SEATTLE, Washington — Food security means that an individual has “physical, social and economic access to sufficient, safe and nutritious foods” that helps to ensure their health. However, food security is a significant issue around the world. According to the United Nations, 820 million people do not have enough to eat. In fact, the number of people who are undernourished rose from 2015 to 2018 after about a decade of decline. Now, more than 2 billion people are believed to be food insecure. These figures are only expected to grow in the coming decades, thanks to factors like changing weather patterns, growing global population and rising food prices.
To help increase food security, the U.S. passed the Global Food Security Act of 2016 and its 2018 successor, the Global Food Security Reauthorization Act. Aid organizations and data show that these bills have made a difference in the fight for global food security. Here’s a look at their impact to date.
The Beginnings of the Global Food Security Act
The government passed the Global Food Security Act of 2016 as an amendment to the Foreign Assistance Act of 1961. Its aim was to enhance U.S. efforts to “promote global food security, resilience and nutrition.” The bill called for the development and implementation of a Global Food Security Strategy around these purposes. The strategy would include fostering agricultural growth, particularly in terms of advancing small-scale farming; improving food health for women and children and leveraging U.S. partnerships and investments across sectors to address these agricultural, food, sanitation, water and related deficiencies around the world.
At the heart of the act and its mission is the Feed the Future program. The Obama Administration created Feed the Future in 2010 to be America’s flagship food security initiative. The program brings together partners from across various industry sectors and the U.S. government to coordinate ways to help needy countries transform their food systems to improve food security. The program found success, but since it was a presidential initiative tied to Obama, its future was uncertain in the wake of the 2016 election. Luckily, the Global Food Security Act of 2016 effectively signed the Feed the Future program into law, thus protecting it beyond election results. However, the Global Food Security Act authorized the program only through 2021.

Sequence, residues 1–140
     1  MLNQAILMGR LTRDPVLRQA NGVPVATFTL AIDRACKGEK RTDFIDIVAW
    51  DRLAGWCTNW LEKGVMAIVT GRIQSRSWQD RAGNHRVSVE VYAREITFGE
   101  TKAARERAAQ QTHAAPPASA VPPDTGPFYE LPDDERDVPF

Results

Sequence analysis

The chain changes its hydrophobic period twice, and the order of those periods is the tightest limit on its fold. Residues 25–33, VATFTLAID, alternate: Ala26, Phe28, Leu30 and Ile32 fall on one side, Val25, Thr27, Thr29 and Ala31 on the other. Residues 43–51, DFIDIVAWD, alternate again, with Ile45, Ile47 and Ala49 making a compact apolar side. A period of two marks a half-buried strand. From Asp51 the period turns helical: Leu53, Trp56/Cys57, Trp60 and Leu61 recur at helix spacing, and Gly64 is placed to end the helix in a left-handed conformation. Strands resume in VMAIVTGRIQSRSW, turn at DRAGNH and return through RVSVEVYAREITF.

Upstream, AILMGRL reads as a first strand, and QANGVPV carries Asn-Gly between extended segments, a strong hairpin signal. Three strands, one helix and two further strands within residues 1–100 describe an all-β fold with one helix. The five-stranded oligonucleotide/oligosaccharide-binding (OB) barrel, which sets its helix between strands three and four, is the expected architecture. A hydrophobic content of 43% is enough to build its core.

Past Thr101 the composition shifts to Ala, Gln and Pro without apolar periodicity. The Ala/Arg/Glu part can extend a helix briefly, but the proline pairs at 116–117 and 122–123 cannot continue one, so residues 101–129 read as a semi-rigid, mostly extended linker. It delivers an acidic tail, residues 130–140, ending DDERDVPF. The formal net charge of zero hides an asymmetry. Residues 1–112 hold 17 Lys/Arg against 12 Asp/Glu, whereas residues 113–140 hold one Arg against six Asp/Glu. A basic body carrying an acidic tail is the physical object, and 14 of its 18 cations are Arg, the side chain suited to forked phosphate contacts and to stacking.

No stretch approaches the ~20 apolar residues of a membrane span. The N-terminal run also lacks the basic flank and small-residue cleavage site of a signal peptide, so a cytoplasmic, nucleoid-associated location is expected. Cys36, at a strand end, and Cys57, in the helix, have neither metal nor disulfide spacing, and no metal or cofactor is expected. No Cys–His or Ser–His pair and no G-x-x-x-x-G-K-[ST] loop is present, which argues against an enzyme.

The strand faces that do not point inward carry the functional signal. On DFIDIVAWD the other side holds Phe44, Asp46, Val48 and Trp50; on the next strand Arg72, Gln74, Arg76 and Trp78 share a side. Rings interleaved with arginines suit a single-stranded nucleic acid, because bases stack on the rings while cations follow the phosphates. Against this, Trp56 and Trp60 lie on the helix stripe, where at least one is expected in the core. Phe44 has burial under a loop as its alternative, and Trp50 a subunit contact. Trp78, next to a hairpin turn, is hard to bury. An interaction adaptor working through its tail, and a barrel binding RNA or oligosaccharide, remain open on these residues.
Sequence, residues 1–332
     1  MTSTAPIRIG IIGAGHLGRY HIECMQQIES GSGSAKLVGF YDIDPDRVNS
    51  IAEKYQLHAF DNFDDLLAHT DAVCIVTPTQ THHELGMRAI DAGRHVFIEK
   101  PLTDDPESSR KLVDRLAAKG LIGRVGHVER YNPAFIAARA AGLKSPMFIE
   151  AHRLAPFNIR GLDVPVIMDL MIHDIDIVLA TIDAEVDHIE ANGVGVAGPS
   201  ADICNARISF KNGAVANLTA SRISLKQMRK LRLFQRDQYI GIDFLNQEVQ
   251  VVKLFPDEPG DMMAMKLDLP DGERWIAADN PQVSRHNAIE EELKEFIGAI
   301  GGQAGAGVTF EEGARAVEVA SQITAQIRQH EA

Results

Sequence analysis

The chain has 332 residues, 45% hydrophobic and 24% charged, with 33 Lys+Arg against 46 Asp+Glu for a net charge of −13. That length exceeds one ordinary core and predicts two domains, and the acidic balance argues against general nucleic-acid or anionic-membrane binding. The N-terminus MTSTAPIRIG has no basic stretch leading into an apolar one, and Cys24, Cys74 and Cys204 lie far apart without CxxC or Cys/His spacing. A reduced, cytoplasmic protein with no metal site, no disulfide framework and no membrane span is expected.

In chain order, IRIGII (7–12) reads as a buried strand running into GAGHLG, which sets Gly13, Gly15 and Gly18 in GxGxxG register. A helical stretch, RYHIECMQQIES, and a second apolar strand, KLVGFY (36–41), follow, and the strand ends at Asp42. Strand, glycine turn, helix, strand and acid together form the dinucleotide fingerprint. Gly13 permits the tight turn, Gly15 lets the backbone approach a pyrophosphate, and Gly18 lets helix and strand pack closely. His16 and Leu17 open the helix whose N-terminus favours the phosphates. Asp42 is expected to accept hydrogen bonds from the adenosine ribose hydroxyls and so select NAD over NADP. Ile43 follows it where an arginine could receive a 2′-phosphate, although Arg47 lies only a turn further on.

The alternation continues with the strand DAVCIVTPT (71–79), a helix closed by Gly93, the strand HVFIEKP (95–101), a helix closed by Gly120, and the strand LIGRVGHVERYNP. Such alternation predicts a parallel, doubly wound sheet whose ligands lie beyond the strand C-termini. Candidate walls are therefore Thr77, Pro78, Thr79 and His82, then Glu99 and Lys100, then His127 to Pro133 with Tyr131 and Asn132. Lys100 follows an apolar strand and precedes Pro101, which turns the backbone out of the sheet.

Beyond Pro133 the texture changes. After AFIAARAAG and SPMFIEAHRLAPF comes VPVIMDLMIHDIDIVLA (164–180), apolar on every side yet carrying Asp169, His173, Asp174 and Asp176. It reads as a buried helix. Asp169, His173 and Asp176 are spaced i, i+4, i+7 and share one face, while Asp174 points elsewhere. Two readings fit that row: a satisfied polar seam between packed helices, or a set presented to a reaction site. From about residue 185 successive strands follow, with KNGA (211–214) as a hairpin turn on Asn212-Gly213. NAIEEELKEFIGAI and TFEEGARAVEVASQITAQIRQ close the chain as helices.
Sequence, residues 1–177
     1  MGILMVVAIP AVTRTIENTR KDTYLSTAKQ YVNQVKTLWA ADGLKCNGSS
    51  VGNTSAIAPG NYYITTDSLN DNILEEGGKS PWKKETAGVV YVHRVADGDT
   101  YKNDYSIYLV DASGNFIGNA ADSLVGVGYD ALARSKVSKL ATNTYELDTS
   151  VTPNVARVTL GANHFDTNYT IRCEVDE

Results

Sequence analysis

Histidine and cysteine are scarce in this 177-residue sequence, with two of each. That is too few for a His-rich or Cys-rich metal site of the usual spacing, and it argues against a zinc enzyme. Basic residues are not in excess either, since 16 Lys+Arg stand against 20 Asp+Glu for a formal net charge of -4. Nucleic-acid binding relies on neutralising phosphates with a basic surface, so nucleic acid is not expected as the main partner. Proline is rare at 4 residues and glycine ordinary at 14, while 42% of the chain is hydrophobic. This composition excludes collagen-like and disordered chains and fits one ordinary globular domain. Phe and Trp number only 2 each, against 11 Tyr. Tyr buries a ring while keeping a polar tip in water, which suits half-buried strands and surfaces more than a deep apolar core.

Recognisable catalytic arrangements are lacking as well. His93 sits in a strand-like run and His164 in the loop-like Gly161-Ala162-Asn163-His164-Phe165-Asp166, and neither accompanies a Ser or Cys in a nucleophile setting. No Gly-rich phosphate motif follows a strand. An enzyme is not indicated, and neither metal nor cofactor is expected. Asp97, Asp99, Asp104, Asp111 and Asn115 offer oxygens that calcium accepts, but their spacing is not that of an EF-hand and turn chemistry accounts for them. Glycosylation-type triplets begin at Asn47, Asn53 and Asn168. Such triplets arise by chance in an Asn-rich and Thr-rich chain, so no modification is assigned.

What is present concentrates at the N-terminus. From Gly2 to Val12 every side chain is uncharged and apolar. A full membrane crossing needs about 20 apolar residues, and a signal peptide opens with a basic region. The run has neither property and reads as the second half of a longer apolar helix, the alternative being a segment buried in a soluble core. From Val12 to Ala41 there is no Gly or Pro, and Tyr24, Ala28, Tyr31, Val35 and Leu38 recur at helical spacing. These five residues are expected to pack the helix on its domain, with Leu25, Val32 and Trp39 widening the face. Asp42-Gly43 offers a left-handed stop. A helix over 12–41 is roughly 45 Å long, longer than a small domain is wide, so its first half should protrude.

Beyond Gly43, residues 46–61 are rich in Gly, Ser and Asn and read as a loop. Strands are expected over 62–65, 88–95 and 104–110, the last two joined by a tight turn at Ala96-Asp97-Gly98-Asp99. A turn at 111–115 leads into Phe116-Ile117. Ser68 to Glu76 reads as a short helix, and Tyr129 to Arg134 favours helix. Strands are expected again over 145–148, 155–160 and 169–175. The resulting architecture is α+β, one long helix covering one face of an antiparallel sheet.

The Global Food Security Reauthorization Act
The goal of introducing the Global Food Security Reauthorization Act was to extend the Feed the Future program, providing more time and capability for implementation and enforcement. President Trump signed this act into law in October 2018. The Reauthorization Act extended the program through 2023 and expanded the requirements for the president’s reports on the progress of the program. This would allow Feed the Future to build on its progress and further address remaining needs. For example, at the time of the Reauthorization Act’s passage, more than 800 million people were still living with food insecurity, according to USAID.
Feed the Future’s Successful Past
Feed the Future began in the wake of what USAID administrator, Mark Green, referred to as the sharpest global food price spike ever recorded. The price spike, which took place from 2007 through 2008, caused one billion more people to go hungry. However, the 2019 Global Food Security Strategy Implementation Report shows that since launching Feed the Future in 2010 and to 2017, 5.2 million families have escaped hunger.
Furthermore, Feed the Future had a hand in helping 23.4 million more people rise above the poverty line. Through its efforts, the global poverty rate dropped an average of 23 percent within that seven-year time frame. In areas where Feed the Future programs are implemented, childhood stunting has dropped by 32 percent.
In addition, in 2018 alone, Feed the Future helped more than 175,000 women entrepreneurs. These women gained more access to capital and had more influence in decisions made at home and in their communities. Nations as a whole are also seeing an impact. According to Green’s statement, spending increased by around 25 percent in Feed the Future’s seven African partner countries. These countries have surpassed surrounding nations in domestic agricultural investment.
To share an example of how Feed the Future has made an impact on an individual level, NGO alliance organization InterAction wrote on their blog about a woman named Nlangmal. With the help of Ghana Resiliency in Northern Ghana (RING) project, an initiative of Global Communities that is supported by USAID and Feed the Future, Nlangmal obtained basic training in financial management. This enabled her to start saving money on a monthly basis and then use her savings and a loan to establish a small business. With her increased income, she was able to get her son needed medical care and her daughter easier access to school.
Feed the Future has made several impacts at the micro and macro level across all its target regions over the last decade. The Global Food Security Act and Global Food Security Reauthorization Act allow it to continue making that difference through direct U.S. efforts and through efforts of other entities established via Feed the Future partnerships. This work has been proven to save millions of lives around the world and benefit the U.S. It will be needed more than ever as threats to food security increase.
– Amanda Ostuni